Urgent Evoke

A crash course in changing the world.

I have lived mostly all my life near the Great Lakes. I should say, The Laurentian Great Lakes because there's another group of lakes called The Great Lakes.

And since they are in the continent of Africa, they are called the African Great Lakes. But Africa is a very big place, so let's call them by their preferred names (according to Wikipedia) : African Rift Valley Lakes or East African Lakes.

I wasn't able to spend as much time on this mission as I had hoped today. I was hoping to find an environmental organization that supported the protection of the African Rift Valley Lakes, not unlike many of the organizations I'm familiar with here at home. (if you know of any, please let me via comment!)

But I did find International Rivers - Africa.

Their mission is this:

International Rivers' mission is to protect rivers and defend the rights of communities that depend on them. We oppose destructive dams and the development model they advance, and encourage better ways of meeting people’s needs for water, energy and protection from damaging floods. To achieve this mission, we collaborate with a global network of local communities, social movements, non-governmental organizations and other partners. Through research, education and advocacy, International Rivers works to halt destructive river infrastructure projects, address the legacies of existing projects, improve development policies and practices, and promote water and energy solutions for a just and sustainable world. The primary focus of our work is in the global South.


Now, while I'm aware of many of the negatives that are associated with large dam projects, I'm not educated enough on the matter to say if I am 'categorically' against dams. Are they always bad? I just don't know.

But I did immediately respond to International Rivers' Vision Statement:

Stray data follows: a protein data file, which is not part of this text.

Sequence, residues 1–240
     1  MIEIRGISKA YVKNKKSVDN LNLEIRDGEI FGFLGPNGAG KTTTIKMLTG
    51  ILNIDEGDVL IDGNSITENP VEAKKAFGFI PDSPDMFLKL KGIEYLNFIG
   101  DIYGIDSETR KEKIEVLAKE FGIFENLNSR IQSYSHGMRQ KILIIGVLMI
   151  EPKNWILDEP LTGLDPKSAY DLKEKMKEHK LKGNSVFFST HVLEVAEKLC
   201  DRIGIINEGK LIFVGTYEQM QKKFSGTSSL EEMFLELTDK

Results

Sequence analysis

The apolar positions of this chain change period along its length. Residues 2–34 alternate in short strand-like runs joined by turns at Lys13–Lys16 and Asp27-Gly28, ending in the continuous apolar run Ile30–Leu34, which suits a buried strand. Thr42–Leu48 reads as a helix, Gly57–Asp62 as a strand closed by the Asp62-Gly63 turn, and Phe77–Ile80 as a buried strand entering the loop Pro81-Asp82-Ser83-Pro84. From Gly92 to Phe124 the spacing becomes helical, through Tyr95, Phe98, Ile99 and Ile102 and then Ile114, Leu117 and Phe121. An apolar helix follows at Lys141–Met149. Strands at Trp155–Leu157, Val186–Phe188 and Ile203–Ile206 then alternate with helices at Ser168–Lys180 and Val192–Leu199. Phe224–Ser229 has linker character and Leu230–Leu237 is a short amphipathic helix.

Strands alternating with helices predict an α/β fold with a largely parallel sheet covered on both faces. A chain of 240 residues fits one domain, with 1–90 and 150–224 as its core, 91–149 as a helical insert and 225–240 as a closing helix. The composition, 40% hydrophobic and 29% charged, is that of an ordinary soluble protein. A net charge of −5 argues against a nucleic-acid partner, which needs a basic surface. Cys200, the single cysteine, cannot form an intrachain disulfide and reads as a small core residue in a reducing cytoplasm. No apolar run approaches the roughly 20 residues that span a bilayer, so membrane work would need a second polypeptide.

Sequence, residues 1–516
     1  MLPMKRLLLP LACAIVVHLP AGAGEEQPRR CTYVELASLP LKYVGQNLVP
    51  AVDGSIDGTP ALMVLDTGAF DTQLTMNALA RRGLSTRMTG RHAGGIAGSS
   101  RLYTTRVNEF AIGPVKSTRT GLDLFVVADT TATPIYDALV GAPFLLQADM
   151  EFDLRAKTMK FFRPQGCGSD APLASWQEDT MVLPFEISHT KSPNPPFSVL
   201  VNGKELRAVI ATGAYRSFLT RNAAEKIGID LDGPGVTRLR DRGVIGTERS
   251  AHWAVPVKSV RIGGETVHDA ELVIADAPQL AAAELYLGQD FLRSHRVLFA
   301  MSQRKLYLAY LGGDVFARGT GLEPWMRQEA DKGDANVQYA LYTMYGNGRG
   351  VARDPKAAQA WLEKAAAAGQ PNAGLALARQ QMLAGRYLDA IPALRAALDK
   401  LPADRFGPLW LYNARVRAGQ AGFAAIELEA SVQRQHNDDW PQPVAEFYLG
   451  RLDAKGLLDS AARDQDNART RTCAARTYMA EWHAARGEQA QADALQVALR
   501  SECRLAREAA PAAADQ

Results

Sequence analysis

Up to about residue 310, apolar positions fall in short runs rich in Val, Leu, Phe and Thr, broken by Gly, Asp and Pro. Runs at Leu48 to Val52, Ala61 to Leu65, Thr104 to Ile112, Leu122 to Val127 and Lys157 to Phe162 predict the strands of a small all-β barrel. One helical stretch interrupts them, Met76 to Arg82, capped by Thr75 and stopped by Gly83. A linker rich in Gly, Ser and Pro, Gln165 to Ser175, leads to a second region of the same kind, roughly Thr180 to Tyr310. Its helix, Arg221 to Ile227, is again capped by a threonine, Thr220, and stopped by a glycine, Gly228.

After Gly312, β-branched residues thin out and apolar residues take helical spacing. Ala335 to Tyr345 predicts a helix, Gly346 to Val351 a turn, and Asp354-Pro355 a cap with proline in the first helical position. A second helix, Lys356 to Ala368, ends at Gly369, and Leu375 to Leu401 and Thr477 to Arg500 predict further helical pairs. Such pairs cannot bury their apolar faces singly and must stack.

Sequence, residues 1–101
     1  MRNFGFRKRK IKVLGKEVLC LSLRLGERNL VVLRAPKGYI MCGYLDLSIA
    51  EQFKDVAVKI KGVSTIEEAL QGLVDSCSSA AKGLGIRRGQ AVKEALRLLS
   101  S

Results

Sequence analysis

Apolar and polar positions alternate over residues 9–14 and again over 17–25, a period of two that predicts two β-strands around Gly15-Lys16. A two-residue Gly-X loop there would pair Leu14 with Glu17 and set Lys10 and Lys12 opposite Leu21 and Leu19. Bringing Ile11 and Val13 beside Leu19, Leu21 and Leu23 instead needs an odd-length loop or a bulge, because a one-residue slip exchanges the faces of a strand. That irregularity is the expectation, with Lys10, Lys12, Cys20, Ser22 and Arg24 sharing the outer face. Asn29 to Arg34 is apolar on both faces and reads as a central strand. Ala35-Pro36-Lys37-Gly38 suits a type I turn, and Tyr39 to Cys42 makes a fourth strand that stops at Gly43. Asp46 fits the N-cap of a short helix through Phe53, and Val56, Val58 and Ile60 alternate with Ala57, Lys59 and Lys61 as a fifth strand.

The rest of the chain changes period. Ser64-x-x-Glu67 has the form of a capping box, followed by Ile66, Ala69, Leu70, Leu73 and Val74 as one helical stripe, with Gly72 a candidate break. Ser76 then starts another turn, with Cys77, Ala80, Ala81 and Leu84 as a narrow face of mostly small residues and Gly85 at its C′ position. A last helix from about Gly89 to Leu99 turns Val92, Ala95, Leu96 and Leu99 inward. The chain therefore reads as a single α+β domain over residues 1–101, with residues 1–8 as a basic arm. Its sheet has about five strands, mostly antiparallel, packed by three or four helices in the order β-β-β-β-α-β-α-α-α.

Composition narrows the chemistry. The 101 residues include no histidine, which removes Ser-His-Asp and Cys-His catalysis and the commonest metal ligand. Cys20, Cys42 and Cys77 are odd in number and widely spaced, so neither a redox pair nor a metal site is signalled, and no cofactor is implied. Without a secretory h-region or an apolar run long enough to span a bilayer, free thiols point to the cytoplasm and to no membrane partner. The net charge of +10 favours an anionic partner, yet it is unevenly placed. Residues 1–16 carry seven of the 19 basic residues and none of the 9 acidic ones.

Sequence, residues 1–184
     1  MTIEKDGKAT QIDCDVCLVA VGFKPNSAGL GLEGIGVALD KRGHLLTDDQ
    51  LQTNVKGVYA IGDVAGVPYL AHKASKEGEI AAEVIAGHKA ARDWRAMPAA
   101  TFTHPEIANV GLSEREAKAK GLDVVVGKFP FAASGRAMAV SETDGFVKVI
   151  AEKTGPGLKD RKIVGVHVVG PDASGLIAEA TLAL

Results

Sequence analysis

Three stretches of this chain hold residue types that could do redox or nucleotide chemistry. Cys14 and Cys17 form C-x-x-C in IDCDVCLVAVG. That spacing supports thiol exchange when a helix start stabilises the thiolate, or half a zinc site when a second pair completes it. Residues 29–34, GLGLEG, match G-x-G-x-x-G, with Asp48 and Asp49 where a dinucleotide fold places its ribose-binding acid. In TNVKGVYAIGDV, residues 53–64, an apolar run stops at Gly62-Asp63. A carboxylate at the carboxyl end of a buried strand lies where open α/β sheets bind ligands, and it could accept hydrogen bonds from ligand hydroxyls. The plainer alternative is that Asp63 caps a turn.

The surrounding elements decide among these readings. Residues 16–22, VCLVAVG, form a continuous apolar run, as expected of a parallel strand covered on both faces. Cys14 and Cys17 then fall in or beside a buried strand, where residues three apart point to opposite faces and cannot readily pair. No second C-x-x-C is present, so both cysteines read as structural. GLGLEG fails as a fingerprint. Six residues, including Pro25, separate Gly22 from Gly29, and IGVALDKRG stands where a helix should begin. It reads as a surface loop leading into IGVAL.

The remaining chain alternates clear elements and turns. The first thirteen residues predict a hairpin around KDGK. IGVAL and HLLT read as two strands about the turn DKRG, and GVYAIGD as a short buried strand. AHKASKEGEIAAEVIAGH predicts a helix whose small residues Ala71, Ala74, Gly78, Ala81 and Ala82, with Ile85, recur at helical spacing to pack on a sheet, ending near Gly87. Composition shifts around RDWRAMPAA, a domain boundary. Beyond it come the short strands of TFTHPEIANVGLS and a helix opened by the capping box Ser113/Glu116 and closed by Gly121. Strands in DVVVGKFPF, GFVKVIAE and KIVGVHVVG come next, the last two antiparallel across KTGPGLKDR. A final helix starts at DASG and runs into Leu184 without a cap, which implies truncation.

International Rivers seeks a world in which rivers and the ecosystems they support are valued, and the importance of the links between healthy environments and healthy societies are understood. We envision a world where development projects neither degrade nature nor impoverish people,
and where all people have a voice in decisions affecting their lives and livelihoods.



That statement I can wh***heartedly follow.

Views: 20

Comment by Sarah Shaw Tatoun on April 1, 2010 at 7:00pm
Mita-- that's a very good question. I was in China recently and I have been wondering about the Three River Gorges project ever since.

These are the things I understand are bad about damns:
1) They have a fairly brief life, since there's no way (as far as I know) of keeping them from silting up.
2) They steal water from other regions or other countries.
3) They decimate populations of migrating fish.
4) The lakes behind them can cover valuable land or cultural monuments.
5) They can displace large populations.

Whether there are positives that equal outweigh the drawbacks I don't know. Heigh ho, another thing to research!
2)

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